On Saturday, November 28th, 2015 we left Ste.Justine for the last time with Kate. She had suffered a crisis, and the team had decided that any further intervention would not be helpful. The decision to undertake an experimental treatment for her graft versus host disease was now no longer necessary. Kate had made the decision for us. With the support of our Ste.Justine team, we organized ourselves to take Kate home, make her comfortable, and wait for what might come next.
As we walked the long passageways and corridors of Ste.Justine, toward the parking lot, we passed by so many people. I found myself wondering what they thought as we walked by. Was it pity I saw in their eyes? Concern? Shock? Understanding? I drew my attention away from them and inward, forming a bubble between us and them. I felt exposed by the intimacy of our situation, and by the decision we had just taken to take Kate home. Possibly to die. “These people should not be witness to this”, I thought to myself. “They don’t know us. They can’t imagine what we have been through”. I imagined them there with a broken arm, or recovering from a minor surgery. In those moments I was angry and jealous all at once. Their journey would be nothing like ours. I didn’t want them watching us at this most intimate and private time.
Our van ride home was something I remember vividly. Kate was most comfortable in a stretched out position. We couldn’t seem to make her car seat work, so I simply unbuckled it and tilted it on a big angle so that it was almost laying flat. I readjusted the lap belt to secure it again, but it was clearly not secured properly. I gave it a thought for a moment, and then decided to myself “Did it really matter?”. I stowed the DNR letter Dr.Duval had given us in the dash.
Kate loved her van. She loved going for drives. Over the past week in Montreal with Brian, she was less interested in her daily walks outside, so she and Brian made the trek to the parking garage and would drive around the city of Montreal. A ritual they did back at home in Ottawa. Brian would have a random errand to do, and he would take Kate with him. I could see the relief on her face and the comprehension that she was going home as we arranged her in the van and made her as comfortable as we could.
Jack sat in the back with her as he always did. Now feeling a responsibility to watch over her, and let me know how she was doing. Something that was not new to him. He was also her DVD manager, and located her Dora Christmas video for the ride home. I remember asking my 11 year old to “check and see if she was still breathing”. Even as I remember this now, the enormity of that request hits very hard. And he did it, “Yes, mom, she’s ok.” he said. “You’re ok, right Kate-O”, and then would go back to watching his movie (Dora Christmas had long been ejected and replaced).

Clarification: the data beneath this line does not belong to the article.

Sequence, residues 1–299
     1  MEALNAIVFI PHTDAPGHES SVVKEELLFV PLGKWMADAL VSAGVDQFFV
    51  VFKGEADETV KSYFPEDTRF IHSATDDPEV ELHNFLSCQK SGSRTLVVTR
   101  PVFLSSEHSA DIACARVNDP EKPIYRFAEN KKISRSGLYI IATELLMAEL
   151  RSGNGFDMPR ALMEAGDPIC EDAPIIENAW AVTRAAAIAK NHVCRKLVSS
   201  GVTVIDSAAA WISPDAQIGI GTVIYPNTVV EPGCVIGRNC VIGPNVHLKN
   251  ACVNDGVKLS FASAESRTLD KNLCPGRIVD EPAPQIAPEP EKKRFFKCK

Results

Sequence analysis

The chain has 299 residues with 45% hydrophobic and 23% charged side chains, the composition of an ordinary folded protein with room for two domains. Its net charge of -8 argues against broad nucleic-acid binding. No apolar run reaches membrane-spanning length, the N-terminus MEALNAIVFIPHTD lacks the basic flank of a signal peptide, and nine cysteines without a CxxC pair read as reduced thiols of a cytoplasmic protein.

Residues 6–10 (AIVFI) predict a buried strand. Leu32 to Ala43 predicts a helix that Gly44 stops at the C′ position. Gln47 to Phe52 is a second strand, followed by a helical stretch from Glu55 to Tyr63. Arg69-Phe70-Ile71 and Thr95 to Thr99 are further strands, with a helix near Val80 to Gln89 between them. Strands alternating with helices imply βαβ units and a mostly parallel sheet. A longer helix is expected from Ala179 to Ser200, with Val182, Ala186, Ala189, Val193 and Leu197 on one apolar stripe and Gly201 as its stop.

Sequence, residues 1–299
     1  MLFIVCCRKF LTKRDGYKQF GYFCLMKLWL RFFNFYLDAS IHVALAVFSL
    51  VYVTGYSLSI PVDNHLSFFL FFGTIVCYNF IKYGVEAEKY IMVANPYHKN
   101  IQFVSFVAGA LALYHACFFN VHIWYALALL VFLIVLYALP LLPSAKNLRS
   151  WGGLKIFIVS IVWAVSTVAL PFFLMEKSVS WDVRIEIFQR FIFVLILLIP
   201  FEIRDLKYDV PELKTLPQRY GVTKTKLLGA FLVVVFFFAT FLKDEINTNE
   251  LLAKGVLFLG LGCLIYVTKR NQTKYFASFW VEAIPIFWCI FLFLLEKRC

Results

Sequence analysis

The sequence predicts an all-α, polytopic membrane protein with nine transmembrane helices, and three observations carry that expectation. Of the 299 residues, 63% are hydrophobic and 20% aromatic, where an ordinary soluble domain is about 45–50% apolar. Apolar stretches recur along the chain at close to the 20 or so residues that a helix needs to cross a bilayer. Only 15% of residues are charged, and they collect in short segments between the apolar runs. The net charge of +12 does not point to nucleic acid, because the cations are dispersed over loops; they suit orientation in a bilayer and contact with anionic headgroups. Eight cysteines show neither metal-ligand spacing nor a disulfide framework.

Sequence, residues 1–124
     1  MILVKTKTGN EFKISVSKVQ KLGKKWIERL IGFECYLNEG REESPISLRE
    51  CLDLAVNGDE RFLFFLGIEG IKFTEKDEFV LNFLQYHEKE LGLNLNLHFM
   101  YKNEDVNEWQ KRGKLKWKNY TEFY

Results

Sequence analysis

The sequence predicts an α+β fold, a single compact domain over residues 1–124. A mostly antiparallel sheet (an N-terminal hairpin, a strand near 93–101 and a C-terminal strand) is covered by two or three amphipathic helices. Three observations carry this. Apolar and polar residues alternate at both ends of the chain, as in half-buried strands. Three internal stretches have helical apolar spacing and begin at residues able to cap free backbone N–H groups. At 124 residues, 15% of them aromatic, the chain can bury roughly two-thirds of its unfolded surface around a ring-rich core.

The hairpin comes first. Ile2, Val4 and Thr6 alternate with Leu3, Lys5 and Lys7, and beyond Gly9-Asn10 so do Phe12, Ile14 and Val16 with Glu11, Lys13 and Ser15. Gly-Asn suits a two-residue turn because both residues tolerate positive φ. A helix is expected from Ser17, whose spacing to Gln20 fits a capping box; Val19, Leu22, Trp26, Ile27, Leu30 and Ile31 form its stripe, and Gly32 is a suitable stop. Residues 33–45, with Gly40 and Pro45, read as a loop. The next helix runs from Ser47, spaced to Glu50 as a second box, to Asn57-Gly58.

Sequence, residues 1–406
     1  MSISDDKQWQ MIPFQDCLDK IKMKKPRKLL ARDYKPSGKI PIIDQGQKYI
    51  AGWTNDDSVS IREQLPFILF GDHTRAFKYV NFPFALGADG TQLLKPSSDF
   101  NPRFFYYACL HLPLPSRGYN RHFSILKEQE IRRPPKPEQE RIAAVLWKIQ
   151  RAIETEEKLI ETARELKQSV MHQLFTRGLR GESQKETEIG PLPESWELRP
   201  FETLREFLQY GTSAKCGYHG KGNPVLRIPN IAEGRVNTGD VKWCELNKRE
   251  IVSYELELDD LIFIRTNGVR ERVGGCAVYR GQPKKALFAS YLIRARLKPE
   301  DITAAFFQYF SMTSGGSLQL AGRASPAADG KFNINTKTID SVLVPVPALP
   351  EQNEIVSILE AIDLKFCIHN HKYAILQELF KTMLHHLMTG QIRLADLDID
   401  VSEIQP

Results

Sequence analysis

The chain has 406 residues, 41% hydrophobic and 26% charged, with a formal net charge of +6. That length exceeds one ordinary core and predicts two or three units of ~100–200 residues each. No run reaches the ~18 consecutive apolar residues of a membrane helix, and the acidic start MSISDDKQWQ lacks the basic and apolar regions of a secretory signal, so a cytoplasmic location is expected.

I think we all felt a sense of release on that ride home. Brian and I talked about the fact that we wouldn’t be making this drive to Montreal ever again. It was surreal. “We went to Montreal for 9 months and all we got was this fucking t-shirt”, we joked. We wanted to hate that city, where there had been so much pain and suffering. Where our lives had been ripped apart. Even now, I can’t think of Montreal fondly, or without a sense of sadness and grief about the city and that highway. As we drove, the sky was overcast, the traffic was light, Kate slept almost the entire way home. She was so peaceful, the morphine was timed just perfectly.
Brian and I discussed whether or not we should go to Roger Neilson House and seek support there for Kate. It was an option. We would be well supported, Kate was known there, it was familiar to us, and there was an entire team ready for her. In the end we decided to head home. We had promised her home, and though we were uncertain about how it would all come together, we thought it was the best decision for Kate and our family.
As we pulled into our driveway, Kate started to stir and wake. But she was not happy. “No no, van van”, she said. She did not want her van ride to be over. She did not want to get out. I paused for a moment thinking, what could it hurt to drive a little longer, but I wanted to get her in the house and settled. I thought we could take her out for a walk and fresh air, and Dr.Splinter was on his way to our house to assess Kate. “Kate, we’re home baby, we’re home”, I signed and said to her. I thought she didn’t understand that we had made the trip to Ottawa. Perhaps she thought we were back at Ste.Justine. She seemed to realize and settled, allowing me to pick her up and carry her inside.